PAUL STRECKFUS: Well, just as I said, the White House is isolated.
The IRS is very much nonpartisan. Most folks at the IRS are not involved in politics. It's -- from day one, you're told not to favor any particular group or individual. If you were so -- if you were a new employee and you did, someone would quickly come by and say, you know, we cannot be taking positions.
JEFFREY BROWN: Well, that's -- but that's the question, because there is this -- the question of potential rogue -- rogues within the agency. Could it be isolated to a few people, or is there enough oversight that somebody would see this, somebody would step in? Who would that somebody be?
PAUL STRECKFUS: Well, it could be anywhere on the chain.
I recall many years ago when I was at the IRS, there were two individuals who actually were able to sort of put their views into action through their position. But the supervisors and others quickly became aware of what was going on, and stepped in, and basically separated them and said, this is not the way we operate.
I have -- I have followed this area, the exempt organizations area, now for about 40 years, and followed the IRS E.O. function very closely. I see no evidence that anyone there is involved in favoring Republicans over Democrats or vice versa.
JEFFREY BROWN: Right, but even with these revelations about looking at the names of organizations with “tea party,” with other such names?
PAUL STRECKFUS: Well, that was a mistake.
But the idea was, in 2010, or whenever these -- that was when the tea party movement started springing up. They then all started sending in these applications. The reality is, tea parties seem to be a lot like many political parties. If that's the case, they belong under Section 527 of the code, not 501(c)(4), but the only reason they're all coming in for (c)(4) is because you don't to disclose your donors.
JEFFREY BROWN: Well, clearly, the Republicans -- you were at the Hill today. They see it quite differently, that this was clearly targeting one side, and others were not -- others were essentially getting a pass.
JOSH GERSTEIN: Yes, they view it as intentional targeting.
And they're angry not only about that, but they believe that the senior IRS officials lied to them. We had a Republican member say that Lois Lerner, who is the head of the Exempt Organizations Division at the IRS, lied to him specifically and lied to his staff.
And obviously with Holder talking about a criminal investigation into all this, he mentioned that false statement charges are among the criminal statutes that they're looking at in this investigation. So, they're very eager to get to the bottom of it. And I was kind of surprised that Republicans said -- seemed to be satisfied with the notion of a criminal investigation by the Justice Department.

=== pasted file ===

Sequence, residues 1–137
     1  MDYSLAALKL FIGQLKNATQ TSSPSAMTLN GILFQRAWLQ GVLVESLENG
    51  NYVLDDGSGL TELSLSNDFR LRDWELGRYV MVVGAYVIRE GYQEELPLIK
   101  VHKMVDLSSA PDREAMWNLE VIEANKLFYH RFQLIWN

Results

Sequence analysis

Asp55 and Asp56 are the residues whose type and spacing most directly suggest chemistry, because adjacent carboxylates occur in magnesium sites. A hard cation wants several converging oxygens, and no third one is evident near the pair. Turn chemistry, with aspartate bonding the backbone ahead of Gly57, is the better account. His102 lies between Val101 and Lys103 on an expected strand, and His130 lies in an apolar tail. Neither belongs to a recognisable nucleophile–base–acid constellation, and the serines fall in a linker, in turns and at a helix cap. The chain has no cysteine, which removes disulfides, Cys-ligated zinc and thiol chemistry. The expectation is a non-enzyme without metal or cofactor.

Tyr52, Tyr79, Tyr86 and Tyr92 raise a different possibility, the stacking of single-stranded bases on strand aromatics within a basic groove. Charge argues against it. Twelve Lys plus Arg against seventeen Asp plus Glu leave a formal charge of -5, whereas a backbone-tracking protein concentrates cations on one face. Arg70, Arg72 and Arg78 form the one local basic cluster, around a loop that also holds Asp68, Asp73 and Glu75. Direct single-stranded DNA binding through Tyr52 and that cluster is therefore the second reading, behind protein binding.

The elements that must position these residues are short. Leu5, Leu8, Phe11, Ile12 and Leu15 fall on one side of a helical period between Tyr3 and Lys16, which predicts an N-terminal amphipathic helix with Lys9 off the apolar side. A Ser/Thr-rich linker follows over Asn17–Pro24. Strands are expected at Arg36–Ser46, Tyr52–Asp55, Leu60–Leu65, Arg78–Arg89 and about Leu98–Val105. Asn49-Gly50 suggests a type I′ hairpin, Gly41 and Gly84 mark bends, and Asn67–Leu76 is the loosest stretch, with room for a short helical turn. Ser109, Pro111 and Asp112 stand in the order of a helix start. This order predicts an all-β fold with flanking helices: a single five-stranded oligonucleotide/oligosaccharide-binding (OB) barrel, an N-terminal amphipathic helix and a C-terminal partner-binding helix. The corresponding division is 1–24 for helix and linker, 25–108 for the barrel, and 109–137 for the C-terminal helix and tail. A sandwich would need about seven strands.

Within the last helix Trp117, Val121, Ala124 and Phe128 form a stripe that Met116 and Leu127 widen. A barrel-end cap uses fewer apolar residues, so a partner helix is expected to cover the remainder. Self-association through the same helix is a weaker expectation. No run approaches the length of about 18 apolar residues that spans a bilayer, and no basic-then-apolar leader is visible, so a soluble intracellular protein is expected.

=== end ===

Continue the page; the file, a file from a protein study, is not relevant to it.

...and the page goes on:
We didn't hear talk of a special counsel, not today anyway.
JEFFREY BROWN: But they are looking at the chain, right, of -- because, again, we're looking at people in a Cincinnati office or in a Washington office. What's the chain? How far does it go?
JOSH GERSTEIN: Right.
I mean, the Cincinnati thing I think is a little bit of a canard, because that handled, as far as I know, all these exempt organizations. So, it just happened to be in Cincinnati. It seems to downplay it as a regional problem. It was really a national problem.
And they don't believe corrective action was taken promptly enough here. And with something of this sensitivity, that may be why Mr. Miller's resignation was called for. It wasn't his fault that was this was done. In fact, most of it happened on his predecessor's watch, but maybe he didn't act quickly enough and wasn't candid enough with Congress about what was going on.
JEFFREY BROWN: And I heard in some of the hearing today when I was listening, there was this question of, is the IRS really independent or not? That's still out there, right? They report to Jack Lew, the treasury secretary. He reports to the president. These are all the questions around it.
JOSH GERSTEIN: It's officially a Treasury agency, so it's not completely independent. You do have an unusual I think five-year term for the IRS commissioner.
But these the questions that are swirling, and the Republicans were suggesting, this is not a problem that the president can completely divest himself and wash his hands of. It appears the president and his advisers agree, given the prominence of this announcement tonight, going on national television to announce that he's dismissed the acting IRS commissioner.
JEFFREY BROWN: It's not an end, though, because more hearings.
JOSH GERSTEIN: No. I mean, it's an effort to throw water on all of this.
And you will have the ongoing criminal investigation into what happened here. But it's an effort to maybe move this to the inside pages of the newspaper, instead of the front page.
JEFFREY BROWN: All right, Josh Gerstein, Paul Streckfus, thank you both very much.
JOSH GERSTEIN: Thank you.